1. SSD Caching is not the best; it's far faster to use the SSD on its own. It does add a small speed bump when it's "primed" but, when I first read about it, it seemed like a lot of work for little gain, which I could already do better with existing chipsets.

2. The other big benefit, and I think this is even bigger than the SSD angle, is it allows you to access the excellent video transcoding capabilities that are included in the video chip built into the processor while making use of the add-in discrete graphics card to run the display. If they can combine that with Grand Central, that's a whole lot more performance out of the same chip than with a P67.
Score: 3 Votes (Like | Disagree)
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121 months ago
The big news here to me is Apple's continued quick access to components from intel that are barely out of the mold. Bodes well for future updates on their entire computer line.

Is it just me or has Apple been more aggressive with this in the last 12 months or so?
Score: 2 Votes (Like | Disagree)
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121 months ago
I'm still waiting for an inexpensive and functioning PCI-e SSD for my tower. The tech is oddly behind for such things, on Mac. I'd love to have a 128gb SSD starter in a PCI-e slot... yeah, I'm slightly off topic.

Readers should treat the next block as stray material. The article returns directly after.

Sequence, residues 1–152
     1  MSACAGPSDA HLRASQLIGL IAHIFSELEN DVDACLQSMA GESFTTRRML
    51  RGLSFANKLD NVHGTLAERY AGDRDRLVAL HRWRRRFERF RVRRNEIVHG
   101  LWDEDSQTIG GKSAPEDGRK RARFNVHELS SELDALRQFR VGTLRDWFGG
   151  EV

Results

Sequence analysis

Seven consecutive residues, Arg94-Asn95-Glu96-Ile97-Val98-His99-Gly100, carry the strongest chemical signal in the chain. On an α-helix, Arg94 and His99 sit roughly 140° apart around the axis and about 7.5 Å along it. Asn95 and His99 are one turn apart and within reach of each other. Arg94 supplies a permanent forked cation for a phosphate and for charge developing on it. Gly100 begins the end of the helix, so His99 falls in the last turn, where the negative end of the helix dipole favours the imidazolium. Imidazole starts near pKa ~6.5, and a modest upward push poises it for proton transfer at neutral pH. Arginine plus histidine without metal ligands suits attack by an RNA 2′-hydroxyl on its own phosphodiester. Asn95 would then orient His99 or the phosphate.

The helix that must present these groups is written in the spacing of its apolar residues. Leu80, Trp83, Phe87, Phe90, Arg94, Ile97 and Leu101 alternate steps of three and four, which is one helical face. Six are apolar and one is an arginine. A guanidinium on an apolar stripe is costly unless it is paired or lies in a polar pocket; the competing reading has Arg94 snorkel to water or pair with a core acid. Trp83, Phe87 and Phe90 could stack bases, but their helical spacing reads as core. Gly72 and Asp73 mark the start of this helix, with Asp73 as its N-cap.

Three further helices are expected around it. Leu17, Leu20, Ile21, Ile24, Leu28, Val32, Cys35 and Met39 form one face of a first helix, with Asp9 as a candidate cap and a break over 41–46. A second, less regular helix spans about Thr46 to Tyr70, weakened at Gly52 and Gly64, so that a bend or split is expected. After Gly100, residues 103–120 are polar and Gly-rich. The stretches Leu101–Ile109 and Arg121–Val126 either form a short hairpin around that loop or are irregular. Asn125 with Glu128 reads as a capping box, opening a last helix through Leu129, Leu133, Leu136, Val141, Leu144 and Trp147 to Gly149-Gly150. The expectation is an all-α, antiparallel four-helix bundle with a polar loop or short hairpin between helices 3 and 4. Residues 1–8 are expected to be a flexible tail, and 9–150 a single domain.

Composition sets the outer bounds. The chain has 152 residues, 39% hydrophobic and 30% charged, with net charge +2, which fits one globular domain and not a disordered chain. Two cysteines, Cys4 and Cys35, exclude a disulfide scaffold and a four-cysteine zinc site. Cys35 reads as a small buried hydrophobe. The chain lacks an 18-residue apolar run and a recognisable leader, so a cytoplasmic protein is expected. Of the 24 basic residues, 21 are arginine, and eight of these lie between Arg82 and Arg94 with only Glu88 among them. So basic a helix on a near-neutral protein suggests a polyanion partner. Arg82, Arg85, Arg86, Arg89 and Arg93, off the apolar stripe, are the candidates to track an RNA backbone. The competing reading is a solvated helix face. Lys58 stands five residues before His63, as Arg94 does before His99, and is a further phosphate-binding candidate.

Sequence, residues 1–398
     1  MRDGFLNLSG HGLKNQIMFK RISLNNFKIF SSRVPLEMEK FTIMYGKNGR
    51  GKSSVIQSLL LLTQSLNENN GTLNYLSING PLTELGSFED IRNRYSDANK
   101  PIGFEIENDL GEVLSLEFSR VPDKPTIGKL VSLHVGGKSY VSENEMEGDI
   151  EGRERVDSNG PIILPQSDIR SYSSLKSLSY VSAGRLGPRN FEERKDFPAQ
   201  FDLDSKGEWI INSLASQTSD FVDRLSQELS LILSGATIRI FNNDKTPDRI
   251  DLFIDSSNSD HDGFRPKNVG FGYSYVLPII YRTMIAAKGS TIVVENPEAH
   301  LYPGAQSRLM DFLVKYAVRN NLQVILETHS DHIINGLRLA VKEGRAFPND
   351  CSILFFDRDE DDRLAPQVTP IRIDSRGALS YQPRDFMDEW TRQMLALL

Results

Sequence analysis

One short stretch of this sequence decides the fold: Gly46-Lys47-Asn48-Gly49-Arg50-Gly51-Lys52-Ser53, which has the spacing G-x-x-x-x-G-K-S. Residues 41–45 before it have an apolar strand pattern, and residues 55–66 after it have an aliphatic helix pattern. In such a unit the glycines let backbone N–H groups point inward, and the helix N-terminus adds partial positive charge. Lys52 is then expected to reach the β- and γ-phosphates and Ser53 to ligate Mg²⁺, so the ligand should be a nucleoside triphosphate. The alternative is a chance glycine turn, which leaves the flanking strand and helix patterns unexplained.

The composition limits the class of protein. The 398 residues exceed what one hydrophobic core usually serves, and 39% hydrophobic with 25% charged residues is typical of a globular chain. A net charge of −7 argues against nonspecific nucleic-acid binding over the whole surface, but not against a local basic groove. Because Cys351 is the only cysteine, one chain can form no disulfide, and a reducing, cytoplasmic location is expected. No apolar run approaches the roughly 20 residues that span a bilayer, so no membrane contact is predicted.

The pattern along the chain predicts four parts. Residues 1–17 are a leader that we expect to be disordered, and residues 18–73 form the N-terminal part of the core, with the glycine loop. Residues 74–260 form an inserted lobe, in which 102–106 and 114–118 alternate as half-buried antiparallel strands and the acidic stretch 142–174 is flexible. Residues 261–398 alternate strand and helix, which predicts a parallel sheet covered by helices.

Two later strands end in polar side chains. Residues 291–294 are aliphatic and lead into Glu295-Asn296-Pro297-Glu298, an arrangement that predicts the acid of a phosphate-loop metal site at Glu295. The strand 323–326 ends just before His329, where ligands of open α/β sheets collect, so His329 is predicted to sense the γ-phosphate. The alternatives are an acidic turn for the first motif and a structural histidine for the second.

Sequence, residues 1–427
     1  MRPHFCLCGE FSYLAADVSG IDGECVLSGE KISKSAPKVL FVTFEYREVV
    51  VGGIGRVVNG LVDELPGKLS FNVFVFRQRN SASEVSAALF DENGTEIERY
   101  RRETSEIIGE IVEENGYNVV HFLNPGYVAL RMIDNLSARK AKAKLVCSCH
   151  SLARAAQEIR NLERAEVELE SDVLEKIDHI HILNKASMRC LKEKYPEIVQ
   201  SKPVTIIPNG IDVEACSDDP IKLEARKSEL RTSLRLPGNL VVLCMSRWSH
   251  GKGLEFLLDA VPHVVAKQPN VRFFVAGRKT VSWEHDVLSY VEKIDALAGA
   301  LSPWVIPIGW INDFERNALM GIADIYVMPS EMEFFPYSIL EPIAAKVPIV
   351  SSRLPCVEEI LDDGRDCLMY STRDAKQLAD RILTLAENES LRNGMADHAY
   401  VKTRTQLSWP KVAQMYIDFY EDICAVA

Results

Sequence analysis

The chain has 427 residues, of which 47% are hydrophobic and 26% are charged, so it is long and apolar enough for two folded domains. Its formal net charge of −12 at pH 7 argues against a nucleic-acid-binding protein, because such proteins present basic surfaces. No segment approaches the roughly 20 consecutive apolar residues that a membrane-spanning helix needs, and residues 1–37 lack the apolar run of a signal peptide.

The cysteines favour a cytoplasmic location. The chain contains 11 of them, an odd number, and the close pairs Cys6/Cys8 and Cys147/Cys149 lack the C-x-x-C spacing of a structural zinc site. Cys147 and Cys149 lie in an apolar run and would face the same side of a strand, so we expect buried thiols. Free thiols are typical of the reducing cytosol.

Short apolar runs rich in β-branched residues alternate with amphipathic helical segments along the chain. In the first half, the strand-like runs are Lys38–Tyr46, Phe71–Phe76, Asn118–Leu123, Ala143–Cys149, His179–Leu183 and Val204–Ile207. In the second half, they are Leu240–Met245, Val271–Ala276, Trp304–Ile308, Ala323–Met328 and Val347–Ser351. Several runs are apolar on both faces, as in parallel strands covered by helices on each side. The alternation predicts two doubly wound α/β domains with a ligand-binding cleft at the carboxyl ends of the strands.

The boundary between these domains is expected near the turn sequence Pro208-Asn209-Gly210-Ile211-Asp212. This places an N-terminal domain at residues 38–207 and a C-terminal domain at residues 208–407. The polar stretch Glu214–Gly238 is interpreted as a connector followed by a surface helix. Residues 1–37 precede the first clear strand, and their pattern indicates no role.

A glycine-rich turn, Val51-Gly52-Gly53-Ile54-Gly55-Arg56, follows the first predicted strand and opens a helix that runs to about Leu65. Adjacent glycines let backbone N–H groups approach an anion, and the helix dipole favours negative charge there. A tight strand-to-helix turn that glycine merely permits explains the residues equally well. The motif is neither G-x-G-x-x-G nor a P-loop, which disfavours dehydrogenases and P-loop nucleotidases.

Score: 2 Votes (Like | Disagree)
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121 months ago

It lets you use a cheap hdd to get speeds similar to an expensive large ssd.


Does this imply that with the arrival of TB supported drives, a cheap HD can be paired with a small SSD for speeds on par with a large SSD? Does TB access the Z68 chipset, assuming TB can be used as a boot drive?
Score: 2 Votes (Like | Disagree)
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121 months ago

That's the thing. We don't know how Apple has the display implemented in the iMac. They've implemented seamless display support allowing the use of both the IGP and a discrete GPU in the MacBook Pros so they can certainly implement something similar to allow the IGP to be active for QuickSync. As for Virtu, Apple would have to implement something similar themselves due to the different windowing/graphics system from Windows. It'll be interesting to see whether they've done so, perhaps in Lion. Certainly the performance of QuickSync over OpenCL for video encoding makes it worthwhile. Particularly, because all subsequent Intel processor generations look to keep and expand QuickSync support so adding support now will have long-term benefits and its something they will probably have to do eventually anyways.

And I've read the latest version of Virtu virtualizes the IGP rather than virtualizing the discrete GPU as before. Perhaps that also means that the display can be connected to the discrete GPU.


Hopefully Apple has since QS is definitely awesome. However, this could have been achieved with H67 as well since it supports the IGP as well so the main point of using Z68 still seems to be the SRT.
Score: 1 Votes (Like | Disagree)